shuttle to rock is much diminished, with conse
quent improvement in the running of the loom,
35 and life of the vane wheels and shuttle mecha
nism, and lessening of the danger of the warp
threads being cut.
Usually the space available requires that the
rollers should be small in diameter, but by the
provision of self-oiling bushes in the rollers, or
by the use of needle bearings, small diameter
rollers capable of very high speeds of rotation
can be satisfactorily accommodated.
The race with which the rollers engage is in
45 clined, the rollers having a corresponding in
clination, so as to assist in taking the weight
of the shuttle.
The invention will now be described in greater
50
Fig. 4 is a detail of Fig. 2 to a larger scale.
The shuttles l are held within warp sheds com
prising inner and outer warp sheets 2, 3 formed
by any suitable shedding means (not shown).
Outside the shuttle circle are shafts 4, lying at
their right-hand ends opposite the shuttles I and
detail with respect to the accompanying drawing,
in which:
Fig. 1 is a front elevation of a shuttle and. its
vane-wheel mechanism;
Fig. 2 is a vertical section taken on the line
2-2 of Fig. 1;
30
The shafts 4 are carried by columns I3 mount 40
ed on a ring l4 rotatable about the axis of the
loom. Bevel gears l5 connect the shafts 4 with
shafts l6 inside the columns [3, the shafts l6
terminating in pinions I‘! that mesh with a sta
tionary annular gear 58, so that as the ring [4 45
is rotated (by means not shown) the vane wheel
shafts 4 are rotated.
As the vane wheels 5 are carried by the ring [4
round the axis of the loom, they press against
?anges [9 of the rollers 6 in the shuttles I and 50
cause the shuttles to be propelled round the loom
at the same speed as the ring M. The rollers l0
rotate freely over the warps 2 lying between them
and the race 8.
The rotation of the vane wheels 5 presents the 65
2
2,108,120
slots between the vanes to the threads of the outer
warp sheet 3 and allows those threads to pass the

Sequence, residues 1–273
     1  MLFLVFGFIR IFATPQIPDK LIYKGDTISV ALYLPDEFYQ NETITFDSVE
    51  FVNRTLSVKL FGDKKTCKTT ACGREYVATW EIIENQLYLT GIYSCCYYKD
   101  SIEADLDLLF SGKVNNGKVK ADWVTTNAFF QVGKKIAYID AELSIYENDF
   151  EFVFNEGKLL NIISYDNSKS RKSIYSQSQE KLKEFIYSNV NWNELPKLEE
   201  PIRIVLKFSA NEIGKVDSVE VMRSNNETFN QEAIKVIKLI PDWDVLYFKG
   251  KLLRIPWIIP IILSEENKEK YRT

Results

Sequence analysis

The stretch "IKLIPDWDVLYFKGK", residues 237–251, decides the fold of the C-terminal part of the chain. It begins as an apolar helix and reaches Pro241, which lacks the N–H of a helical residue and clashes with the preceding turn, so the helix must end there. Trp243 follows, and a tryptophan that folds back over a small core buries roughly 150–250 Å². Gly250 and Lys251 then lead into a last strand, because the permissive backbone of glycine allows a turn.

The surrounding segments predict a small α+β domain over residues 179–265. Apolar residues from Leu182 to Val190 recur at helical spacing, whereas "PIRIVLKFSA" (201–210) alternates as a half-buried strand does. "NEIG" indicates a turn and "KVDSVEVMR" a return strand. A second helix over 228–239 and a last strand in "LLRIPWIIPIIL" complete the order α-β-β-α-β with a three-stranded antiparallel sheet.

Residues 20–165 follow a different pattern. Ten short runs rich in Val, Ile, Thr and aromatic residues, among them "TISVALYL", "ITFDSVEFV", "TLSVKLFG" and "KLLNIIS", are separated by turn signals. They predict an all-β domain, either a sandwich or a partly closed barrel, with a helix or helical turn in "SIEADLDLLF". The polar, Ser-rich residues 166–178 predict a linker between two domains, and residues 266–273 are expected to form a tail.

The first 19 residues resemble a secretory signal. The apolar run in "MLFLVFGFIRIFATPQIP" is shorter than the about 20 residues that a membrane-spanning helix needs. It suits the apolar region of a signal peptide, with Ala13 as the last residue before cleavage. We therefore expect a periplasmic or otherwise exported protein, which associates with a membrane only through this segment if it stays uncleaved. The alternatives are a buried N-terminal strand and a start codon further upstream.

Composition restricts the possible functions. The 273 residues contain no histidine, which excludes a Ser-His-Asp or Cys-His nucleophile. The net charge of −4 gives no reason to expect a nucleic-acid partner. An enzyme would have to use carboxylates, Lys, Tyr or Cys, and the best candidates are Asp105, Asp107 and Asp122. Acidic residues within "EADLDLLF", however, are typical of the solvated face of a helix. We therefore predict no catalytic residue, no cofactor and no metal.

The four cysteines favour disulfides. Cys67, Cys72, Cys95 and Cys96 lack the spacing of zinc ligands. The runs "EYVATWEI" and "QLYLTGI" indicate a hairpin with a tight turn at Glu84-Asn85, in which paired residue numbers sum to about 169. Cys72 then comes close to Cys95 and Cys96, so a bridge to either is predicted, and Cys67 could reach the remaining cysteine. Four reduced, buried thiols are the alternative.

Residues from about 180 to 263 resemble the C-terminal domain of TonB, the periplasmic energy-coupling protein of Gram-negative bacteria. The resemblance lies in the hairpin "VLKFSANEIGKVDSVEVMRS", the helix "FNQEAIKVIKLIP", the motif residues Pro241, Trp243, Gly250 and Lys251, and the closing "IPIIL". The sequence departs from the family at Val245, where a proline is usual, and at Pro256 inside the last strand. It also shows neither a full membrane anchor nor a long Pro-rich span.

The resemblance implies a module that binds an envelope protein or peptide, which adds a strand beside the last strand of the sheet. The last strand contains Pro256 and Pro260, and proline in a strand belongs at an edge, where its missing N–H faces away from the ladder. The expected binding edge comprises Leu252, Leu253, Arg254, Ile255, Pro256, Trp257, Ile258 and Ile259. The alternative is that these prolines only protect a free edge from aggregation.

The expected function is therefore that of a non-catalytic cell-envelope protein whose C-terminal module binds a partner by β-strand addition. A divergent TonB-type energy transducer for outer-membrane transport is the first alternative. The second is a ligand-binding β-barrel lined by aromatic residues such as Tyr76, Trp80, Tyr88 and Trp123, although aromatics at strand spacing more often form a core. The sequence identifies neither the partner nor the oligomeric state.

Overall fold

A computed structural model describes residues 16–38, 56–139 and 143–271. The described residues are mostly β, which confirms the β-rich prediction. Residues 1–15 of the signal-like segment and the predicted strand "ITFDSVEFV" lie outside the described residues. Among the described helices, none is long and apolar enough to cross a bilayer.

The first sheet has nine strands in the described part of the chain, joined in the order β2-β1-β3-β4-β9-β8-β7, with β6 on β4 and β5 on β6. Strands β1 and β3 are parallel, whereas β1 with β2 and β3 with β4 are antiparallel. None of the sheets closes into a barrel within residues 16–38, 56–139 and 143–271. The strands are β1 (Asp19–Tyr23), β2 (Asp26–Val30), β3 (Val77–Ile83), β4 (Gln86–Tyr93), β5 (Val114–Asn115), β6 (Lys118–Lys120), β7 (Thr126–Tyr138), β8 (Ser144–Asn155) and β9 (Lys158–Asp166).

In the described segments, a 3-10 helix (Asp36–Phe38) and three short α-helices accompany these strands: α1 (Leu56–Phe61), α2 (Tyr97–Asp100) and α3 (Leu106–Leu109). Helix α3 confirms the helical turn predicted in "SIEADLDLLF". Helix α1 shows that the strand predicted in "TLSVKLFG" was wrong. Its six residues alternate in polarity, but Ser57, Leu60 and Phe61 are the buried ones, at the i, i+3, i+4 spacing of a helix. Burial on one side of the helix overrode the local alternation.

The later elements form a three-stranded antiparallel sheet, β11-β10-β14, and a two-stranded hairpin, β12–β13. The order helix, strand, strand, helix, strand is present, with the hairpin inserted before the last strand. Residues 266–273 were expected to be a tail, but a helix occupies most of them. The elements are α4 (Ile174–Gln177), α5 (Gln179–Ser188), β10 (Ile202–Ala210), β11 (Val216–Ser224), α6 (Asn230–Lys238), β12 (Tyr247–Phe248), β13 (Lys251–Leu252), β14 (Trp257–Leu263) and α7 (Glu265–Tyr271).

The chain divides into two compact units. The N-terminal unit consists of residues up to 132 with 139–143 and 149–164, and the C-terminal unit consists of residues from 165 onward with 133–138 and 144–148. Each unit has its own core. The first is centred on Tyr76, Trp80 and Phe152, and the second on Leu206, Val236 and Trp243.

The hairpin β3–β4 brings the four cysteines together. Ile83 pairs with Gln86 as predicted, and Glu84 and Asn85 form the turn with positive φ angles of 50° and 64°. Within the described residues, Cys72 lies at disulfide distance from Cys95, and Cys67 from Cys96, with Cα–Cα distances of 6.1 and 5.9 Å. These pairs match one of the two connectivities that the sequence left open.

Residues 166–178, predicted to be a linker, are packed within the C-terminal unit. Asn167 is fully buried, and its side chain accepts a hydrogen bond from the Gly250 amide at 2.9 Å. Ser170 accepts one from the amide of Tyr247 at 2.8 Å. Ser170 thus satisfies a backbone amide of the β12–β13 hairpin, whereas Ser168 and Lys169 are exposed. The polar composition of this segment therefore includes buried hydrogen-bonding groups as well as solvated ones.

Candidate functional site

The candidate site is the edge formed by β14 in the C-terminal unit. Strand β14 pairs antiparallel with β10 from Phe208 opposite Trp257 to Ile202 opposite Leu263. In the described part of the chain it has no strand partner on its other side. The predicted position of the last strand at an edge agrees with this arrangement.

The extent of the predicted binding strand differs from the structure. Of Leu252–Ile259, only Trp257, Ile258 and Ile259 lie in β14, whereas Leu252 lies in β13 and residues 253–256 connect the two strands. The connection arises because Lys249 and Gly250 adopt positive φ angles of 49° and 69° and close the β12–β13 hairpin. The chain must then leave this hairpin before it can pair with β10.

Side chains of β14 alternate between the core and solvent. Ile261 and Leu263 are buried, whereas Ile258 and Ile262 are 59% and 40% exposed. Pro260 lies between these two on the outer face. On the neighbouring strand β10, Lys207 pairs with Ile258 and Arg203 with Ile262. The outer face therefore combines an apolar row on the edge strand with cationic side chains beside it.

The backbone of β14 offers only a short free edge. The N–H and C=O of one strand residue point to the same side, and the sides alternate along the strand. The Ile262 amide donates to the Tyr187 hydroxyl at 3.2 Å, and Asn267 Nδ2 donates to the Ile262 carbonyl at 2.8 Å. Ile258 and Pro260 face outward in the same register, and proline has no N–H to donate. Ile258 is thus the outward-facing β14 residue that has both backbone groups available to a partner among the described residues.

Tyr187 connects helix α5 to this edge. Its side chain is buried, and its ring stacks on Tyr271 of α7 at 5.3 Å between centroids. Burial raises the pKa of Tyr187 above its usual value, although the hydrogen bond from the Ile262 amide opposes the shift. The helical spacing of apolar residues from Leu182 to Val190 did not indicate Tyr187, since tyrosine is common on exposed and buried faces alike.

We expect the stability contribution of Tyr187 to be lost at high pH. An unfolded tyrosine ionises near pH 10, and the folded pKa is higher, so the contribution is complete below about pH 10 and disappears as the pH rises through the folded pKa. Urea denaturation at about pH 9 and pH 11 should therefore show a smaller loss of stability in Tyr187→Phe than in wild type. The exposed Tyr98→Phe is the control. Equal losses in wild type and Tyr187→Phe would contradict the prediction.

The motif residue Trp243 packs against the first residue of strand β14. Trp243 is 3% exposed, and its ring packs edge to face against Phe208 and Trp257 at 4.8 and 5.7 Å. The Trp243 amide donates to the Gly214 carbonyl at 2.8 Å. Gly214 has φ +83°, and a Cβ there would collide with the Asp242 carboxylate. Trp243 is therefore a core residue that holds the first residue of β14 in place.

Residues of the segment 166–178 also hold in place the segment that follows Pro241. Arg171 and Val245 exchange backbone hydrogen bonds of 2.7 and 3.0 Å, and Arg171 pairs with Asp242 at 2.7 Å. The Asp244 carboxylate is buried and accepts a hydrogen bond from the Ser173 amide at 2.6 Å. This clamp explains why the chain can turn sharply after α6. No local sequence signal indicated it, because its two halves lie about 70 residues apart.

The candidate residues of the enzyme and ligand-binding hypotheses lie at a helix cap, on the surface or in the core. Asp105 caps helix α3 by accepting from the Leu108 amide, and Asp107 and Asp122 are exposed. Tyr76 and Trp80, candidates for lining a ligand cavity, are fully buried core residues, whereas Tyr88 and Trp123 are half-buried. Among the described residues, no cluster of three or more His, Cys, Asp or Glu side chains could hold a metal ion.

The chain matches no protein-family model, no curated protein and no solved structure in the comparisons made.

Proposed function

vane wheels.
The bodies of the rollers 6 may be made of
slightly resilient material, e. g. fabric impregnated
with synthetic resin and blocked to form a mate
rial capable of being machined. The ?anges l9
are preferably of metal, as are the vane wheels.
Having described my invention what I desire to
10 secure by Letters Patent is:—
1. Circular loom of the type described, wherein
each shuttle is positioned by means of vane wheels
making engagement with one side of the shuttle
at positions spaced apart with respect to the
length of the shuttle and by means of a pair of
rollers also spaced apart with respect to the length
of the shuttle at positions providing for both roll
ers to oppose the thrust of the vane wheels and a
circular race against which the rollers bear on
the side of the shuttle remote from the vane
wheels, the vane wheels and the pair of rollers
being disposed symmetrically with respect to the
shuttle.
2. Circular loom of the type described, wherein
each shuttle is positioned by means of vane wheels
making engagement with one side of the shuttle at
positions spaced apart with respect to the length 10
of the shuttle and by means of a pair of rollers
also spaced apart with respect to the length of the
shuttle and a circular race against which the
rollers bear on the side of the shuttle remote from
the vane wheels, the rollers being disposed imme- 15
diately opposite to the vane wheels.
FRANK CORBYN HALE.